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I once had my mother queue up at Liverpool Royal Court for Cinderella tickets. God bless the bloke explaining to her it wasn't a panto.

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Yeah, that’s it, i reckon. Half online, half on site, everyone needs to show id to get in. Like all these issues, the problems could be solved if there was any will to do it, but everybody is ready to just accept the status quo.

the other idea is you have a network of authorised sellers (local record shops?) selling them around the country. They are networked and you control distribution digitally. You physically queue, but at a location near(ish) to you. 

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Why are we even discussing this on the internet when we could all just meet up and have a chat in person?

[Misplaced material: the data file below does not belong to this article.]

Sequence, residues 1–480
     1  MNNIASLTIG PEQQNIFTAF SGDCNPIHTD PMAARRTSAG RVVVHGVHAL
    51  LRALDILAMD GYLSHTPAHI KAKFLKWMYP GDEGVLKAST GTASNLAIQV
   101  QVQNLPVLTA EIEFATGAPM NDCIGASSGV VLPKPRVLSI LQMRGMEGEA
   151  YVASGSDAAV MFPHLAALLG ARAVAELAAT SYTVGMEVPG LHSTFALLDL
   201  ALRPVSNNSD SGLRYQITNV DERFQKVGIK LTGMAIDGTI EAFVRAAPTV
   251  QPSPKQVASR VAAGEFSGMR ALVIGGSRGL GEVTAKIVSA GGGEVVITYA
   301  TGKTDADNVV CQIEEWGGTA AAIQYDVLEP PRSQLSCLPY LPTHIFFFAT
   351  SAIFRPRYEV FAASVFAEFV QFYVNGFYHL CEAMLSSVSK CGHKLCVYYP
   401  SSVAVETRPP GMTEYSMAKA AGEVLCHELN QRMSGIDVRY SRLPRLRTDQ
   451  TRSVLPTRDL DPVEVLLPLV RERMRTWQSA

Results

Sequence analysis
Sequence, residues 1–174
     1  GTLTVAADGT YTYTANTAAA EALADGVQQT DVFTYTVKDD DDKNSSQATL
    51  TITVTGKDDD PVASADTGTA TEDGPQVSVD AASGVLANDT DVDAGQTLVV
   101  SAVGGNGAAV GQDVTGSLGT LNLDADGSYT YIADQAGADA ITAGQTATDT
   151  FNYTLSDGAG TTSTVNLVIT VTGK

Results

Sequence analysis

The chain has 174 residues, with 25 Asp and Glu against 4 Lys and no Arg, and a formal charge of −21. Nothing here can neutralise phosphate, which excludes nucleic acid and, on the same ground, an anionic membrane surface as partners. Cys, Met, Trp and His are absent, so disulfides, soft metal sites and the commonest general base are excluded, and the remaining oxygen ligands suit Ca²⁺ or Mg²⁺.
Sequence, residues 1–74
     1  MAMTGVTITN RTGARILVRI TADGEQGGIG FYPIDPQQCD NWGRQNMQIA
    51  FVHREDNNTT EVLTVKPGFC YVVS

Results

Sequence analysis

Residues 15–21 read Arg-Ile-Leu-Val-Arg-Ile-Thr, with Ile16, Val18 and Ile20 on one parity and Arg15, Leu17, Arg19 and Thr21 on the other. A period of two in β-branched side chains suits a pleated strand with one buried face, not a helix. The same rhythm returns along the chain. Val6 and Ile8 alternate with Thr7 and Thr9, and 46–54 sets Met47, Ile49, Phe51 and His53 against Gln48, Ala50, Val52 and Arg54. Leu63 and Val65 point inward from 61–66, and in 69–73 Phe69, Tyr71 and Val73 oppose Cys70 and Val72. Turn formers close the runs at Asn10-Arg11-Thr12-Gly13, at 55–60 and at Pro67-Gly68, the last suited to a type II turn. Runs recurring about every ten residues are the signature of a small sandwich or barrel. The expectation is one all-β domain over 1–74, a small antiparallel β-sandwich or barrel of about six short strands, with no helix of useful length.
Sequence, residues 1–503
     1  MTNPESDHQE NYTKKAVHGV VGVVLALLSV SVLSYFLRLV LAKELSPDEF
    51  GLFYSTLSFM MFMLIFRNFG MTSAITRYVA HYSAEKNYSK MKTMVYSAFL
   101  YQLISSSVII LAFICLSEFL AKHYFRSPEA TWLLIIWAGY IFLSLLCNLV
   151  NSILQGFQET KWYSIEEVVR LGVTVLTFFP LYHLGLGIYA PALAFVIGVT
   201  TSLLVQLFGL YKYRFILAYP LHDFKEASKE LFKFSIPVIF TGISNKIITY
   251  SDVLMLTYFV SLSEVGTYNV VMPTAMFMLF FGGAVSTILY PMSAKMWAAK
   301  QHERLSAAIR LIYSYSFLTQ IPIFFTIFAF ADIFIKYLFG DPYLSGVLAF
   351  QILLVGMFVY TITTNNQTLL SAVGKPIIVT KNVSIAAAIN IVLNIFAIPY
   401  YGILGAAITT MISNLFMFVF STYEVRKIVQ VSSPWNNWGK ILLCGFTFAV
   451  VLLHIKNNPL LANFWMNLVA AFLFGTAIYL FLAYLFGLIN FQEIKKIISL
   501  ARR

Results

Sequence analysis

Literally don't know what you'd use the internet for if selling tickets is not one of those things. It's just easier in every single way. 

7 minutes ago, Gnomicide said:

The current system for most gigs favours people who can access See Tickets etc. from their desk while people with proper jobs can't. This favours me so I love it.

What if your mate who is busy when a gig goes on sale asks you to help him out? You'd do it right? The vast, vast majority of people have a fair shot at tickets with the current system imo.

8 minutes ago, Mardy said:

Hooray for see tickets, ticketmaster and all those other fine upstanding institutions.

The fees charged by those websites is another conversation entirely.

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Genuine question, how do you feel about football clubs selling tickets based on membership, loyalty points etc etc.

the other thing that i keep thinking about is that first stone roses comeback gig where you had to turn up with a piece of memorabilia to gain entrance.

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3 minutes ago, Gnomicide said:

Mardy queuing up outside Basingstoke Empire for Vaccines tickets...